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oxygen.umped oxygepumped oxygen. chlorine makes lungs fill with liquid, using it is a war crime. >> you don't have to be a doctor to know this is not right. >> reporter: this was minutes after the attack which rebels say the regime launched. a stream of victims. the u.n. says there's a lot of evidence this was a chemical attack. >> a red line for us. >> reporter: president obama threatened to retaliate for chemical attacks four years ago, he didn't. doctors in aleppo now writing him an angry letter, we don't need tears or sympathy or even prayers, they say, we need your action. aleppo's children and heroes are dying. the rescuer who famously pulled this baby out alive from the rubble two years ago, was found dead yesterday after an air strike. the air is filled with the sound of furious fight for aleppo, and it's claimed filled too with chemical gas, designed to choke its
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children. bill neely, nbc news. there is a lot more ahead as we continue tonight, we'll have much more from here in rio, including the other side of michael phelps. also the flight they'll never forget, dozens injured when a plane hits severe turbulence and plunges.
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welcome back to copacabana beach. what's old is new again when michael phelps is in the water. his short retirement served him pretty well during his rio come back where he has earned four more gold medals. since his last appearance in london, his family has extended with his new baby and his mother joining him in the stands. i got a chance to talk to the family about michael's present and future. i have to ask you, was there anybody happier to hear he was coming out of retirement and participate in rio? >> i did the supporting. >> were you the one pushing him in the direction of rio? >> no, no, no, no come on, lester. i wasn't pushing him. i said i have never been to rio, that would be nice. he said i'll send you on vacation. i stayed okay, that's good. >> nicole, you guys met in 2007. >> correct. >> did you imagine that he might be competing in the '16 olympics? >> no, and i never imagined that we would have a kid at this point and be getting married.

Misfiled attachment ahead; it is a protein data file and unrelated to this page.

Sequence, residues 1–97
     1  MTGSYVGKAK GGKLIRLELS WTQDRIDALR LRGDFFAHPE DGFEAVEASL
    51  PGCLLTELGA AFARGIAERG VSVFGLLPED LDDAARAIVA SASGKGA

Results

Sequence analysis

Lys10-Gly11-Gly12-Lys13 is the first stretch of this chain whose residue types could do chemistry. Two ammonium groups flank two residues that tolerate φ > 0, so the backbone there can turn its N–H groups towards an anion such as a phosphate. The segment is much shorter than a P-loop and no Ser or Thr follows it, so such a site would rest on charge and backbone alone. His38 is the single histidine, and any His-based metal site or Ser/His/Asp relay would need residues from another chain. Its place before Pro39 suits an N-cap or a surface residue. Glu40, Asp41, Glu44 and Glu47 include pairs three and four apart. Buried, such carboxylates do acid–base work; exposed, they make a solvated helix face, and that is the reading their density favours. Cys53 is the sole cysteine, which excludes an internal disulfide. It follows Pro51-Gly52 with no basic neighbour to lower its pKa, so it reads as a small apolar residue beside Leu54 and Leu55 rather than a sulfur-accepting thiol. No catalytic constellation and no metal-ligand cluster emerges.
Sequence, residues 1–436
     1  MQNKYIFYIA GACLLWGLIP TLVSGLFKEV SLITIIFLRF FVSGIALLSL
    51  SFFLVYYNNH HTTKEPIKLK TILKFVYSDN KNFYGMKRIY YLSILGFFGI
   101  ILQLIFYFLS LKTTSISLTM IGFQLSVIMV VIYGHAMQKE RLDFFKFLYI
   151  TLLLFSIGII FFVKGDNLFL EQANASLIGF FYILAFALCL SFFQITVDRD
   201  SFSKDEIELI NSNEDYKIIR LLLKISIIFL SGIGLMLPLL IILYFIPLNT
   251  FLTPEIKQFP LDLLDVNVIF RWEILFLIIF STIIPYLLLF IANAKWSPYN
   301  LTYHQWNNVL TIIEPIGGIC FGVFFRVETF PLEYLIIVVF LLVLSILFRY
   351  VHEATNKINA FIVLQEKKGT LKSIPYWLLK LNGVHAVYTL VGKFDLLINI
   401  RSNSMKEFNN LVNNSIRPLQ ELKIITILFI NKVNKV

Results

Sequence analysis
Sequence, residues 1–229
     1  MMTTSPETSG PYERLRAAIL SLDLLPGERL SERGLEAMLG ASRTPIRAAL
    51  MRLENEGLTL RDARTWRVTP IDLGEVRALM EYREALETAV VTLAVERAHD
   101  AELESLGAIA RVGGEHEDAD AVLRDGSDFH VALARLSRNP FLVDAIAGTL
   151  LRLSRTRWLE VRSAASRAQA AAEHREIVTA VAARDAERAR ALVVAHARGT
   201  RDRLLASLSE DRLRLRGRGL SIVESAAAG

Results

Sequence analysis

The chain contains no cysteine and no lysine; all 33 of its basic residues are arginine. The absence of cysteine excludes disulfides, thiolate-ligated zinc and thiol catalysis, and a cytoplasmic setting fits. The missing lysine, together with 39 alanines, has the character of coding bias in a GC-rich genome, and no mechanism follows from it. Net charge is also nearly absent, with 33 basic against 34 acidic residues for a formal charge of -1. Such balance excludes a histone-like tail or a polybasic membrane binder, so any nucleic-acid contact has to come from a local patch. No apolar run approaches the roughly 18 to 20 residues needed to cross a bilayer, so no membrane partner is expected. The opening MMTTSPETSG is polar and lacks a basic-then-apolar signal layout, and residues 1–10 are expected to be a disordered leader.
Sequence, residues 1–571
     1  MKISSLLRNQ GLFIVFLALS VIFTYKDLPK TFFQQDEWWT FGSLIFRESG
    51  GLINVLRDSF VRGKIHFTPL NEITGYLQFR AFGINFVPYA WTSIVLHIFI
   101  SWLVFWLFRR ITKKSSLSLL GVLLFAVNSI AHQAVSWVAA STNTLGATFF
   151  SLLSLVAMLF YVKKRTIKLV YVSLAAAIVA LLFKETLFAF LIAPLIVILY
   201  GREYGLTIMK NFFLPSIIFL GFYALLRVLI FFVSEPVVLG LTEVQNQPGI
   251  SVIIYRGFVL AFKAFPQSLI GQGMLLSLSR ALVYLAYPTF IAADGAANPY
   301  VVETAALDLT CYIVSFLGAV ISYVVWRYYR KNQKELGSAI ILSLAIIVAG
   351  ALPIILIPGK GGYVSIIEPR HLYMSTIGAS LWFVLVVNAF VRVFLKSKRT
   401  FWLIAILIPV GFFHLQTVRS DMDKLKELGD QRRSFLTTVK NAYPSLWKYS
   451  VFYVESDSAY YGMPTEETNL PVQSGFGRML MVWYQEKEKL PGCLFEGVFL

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and all the fun that we have gone through. >> one of the first things my wife and i learned as parents, never wake a sleeping baby. so you're there in the stands and little boomer is wearing earmuffs. what's it like to contain yourself and keep him under control? >> it's difficult but he's a breeze. he deals with me when i'm crazy and jumping up and down and then he goes back to sleep. >> what about the boomer's instagram account. >> okay my god. >> it's become an instant hit. it seems like he's always sleeping so when does he have time to post? >> he tells me, i need to do a post. prop him up on the pillows and he tell s me what to say and then we're good to go. >> are you in awe of him? >> i have to say, he absolutely amazes me in the comebacks that he has had. and last night in that race being ahead by so far, is so amazing. >> one of the things about our society is everybody does well and everybody says what's next? tokyo is four years